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A Shining Artifact of the Past 

After Atlas  (Planetfall, book 2)

By Emma Newman 

7 Jan, 2017

Miscellaneous Reviews


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Emma Newman’s 2016 After Atlas is a sequel to her 2015 novel Planetfall.

The Pathfinder, Lee Suh-Mi, led her people to a glorious destiny among the stars. The Pathfinder’s starship only had room for the chosen few. Carlos Moreno’s mother made the cut, but Carlos and his father did not. His father then joined a community of starship rejectees, one led by a Lee deputy named Alejandro Casales, dragging an unhappy young Carlos in his wake. It took years for Carlos to escape. 

Decades later, Carlos is a prized asset of the Noropean Ministry of Justice. He is a talented investigator whose indentured status ensures that his efforts on the MOJ’s behalf will not be sabotaged by nonsense like so-called human rights. 

When Casales’ dismembered corpse is discovered in a posh English hotel, three super-national governments — Europe, Norope, and America — are thrown into a tizzy. It’s important that the case be closed as quickly as possible. Carlos’ knowledge of Alejandro Casales and the Circle make him a logical choice to investigate the case. 

It may be relevant that a time capsule left behind by Lee is soon to be opened. It is believed to contain the technology secrets of her starship. Perhaps it is no coincidence that Casales was murdered just before the capsule is due to be opened. Or perhaps it is…. Carlos is determined to find out. 

Carlos has avoided contact with Casale’s Circle since he walked away from it twenty years earlier. The Circle he finds now is very different from the one that seduced his father. That Circle was an austere community of people left behind by the Pathfinder, one that rejected many modern conveniences like food-printers and cranial implants in favour of more authentic experiences like hard work and deprivation. Today’s Circle still keeps a firm hand on its members, but it owns an unexpectedly large patent portfolio for an anti-technology community.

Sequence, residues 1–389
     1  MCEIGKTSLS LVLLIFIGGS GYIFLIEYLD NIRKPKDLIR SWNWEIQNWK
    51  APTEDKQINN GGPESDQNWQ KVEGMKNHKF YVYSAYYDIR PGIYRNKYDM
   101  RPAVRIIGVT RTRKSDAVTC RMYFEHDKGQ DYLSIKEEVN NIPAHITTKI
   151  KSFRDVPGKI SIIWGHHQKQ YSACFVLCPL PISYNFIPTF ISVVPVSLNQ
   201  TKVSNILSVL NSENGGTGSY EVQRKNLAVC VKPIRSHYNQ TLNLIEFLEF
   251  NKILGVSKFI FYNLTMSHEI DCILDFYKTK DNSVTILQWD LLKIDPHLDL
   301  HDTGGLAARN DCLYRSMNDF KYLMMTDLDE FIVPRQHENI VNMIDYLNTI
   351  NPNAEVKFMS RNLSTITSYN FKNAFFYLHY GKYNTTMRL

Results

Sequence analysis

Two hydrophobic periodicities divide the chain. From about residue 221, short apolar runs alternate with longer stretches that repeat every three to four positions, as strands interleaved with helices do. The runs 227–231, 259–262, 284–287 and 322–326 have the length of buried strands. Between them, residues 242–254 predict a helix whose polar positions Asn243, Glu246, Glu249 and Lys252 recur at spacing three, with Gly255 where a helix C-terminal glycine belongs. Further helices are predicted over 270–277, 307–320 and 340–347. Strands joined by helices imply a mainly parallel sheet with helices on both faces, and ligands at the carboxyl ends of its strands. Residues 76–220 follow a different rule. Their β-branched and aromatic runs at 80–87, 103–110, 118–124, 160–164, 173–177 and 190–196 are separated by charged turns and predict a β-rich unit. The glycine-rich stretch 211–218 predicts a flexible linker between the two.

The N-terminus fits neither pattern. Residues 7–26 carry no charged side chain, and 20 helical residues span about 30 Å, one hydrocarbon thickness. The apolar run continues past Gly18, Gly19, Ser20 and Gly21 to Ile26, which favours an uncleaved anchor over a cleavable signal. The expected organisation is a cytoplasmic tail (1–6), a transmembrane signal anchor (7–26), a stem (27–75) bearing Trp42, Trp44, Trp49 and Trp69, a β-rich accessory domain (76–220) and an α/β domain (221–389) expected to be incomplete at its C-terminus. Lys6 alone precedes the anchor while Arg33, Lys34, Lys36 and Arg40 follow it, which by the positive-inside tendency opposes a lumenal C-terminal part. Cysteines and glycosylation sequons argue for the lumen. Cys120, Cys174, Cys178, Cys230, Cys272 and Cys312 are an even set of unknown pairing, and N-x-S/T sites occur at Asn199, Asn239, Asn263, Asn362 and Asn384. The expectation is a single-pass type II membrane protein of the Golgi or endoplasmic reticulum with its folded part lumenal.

Carlos is very good at his job. He is also a whiz at making powerful enemies. Enemies who can afford to buy an indentured slave’s contract merely out of spite.… 


As was the case with Planetfall, this book was enjoyable right up until the grand finale. Two books are not a statistically valid sample, but perhaps they are sufficient to hypothesize that Newman has a fondness for melodramatic endings that don’t play well with the rest of the novel. 

When I reviewed Planetfall, I speculated that Earth would turn out to be better than Planetfall’s protagonist, Renata Ghali, remembered it. Well, I give myself a C for effort. The average person on Earth would probably think that Renata’s vision of the planet is unduly harsh. Renata believed that Earth is used up and worn out. While we see no actual evidence that this is true, the bad guys in this book are doing their best to make sure that this vision comes true. 

When real world history takes a dramatic turn, there’s an odd publishing penumbra during which books written before the dramatic turn are finally coming out — long after their imagined future history became obsolete. After Atlas avoids this pitfall. Newman’s England and Norope could easily be an author’s reaction to that shocking surprise of Brexit. Norope is a union of the Nordic European states, plus England. It is a glorious recapitulation of the Dark Ages’ Danelaw . At least it’s nicer than the catastrophic 2017 Charlie Stross recently predicted.

Right up to (but not including) the end, the novel is an engaging detective story set in a rather dystopian version of England, with a foray into an America that is even worse. The nation is ruled by gov-corps. Only a handful of cultists refuse to submit to the corporate panopticon state, which has washed its hands of any namby-pamby notions of human rights [1]. Which is to say, it is worse than the present in degree rather than kind. The primary difference is that inequality has been enthusiastically embraced and the wealthy gov-corp elites have become an acknowledged legal aristocracy, instead of a merely de facto one. 

After Atlas is available here.

1: We don’t see much of America in this book, but what we do see suggests that North America has become the same sort of corporate panopticon state, distinguished only by its flourish of US-style racism. Being seen in public while non-white is a bad idea, especially if your documents are not in order. Like minorities and immigrants in England, but worse.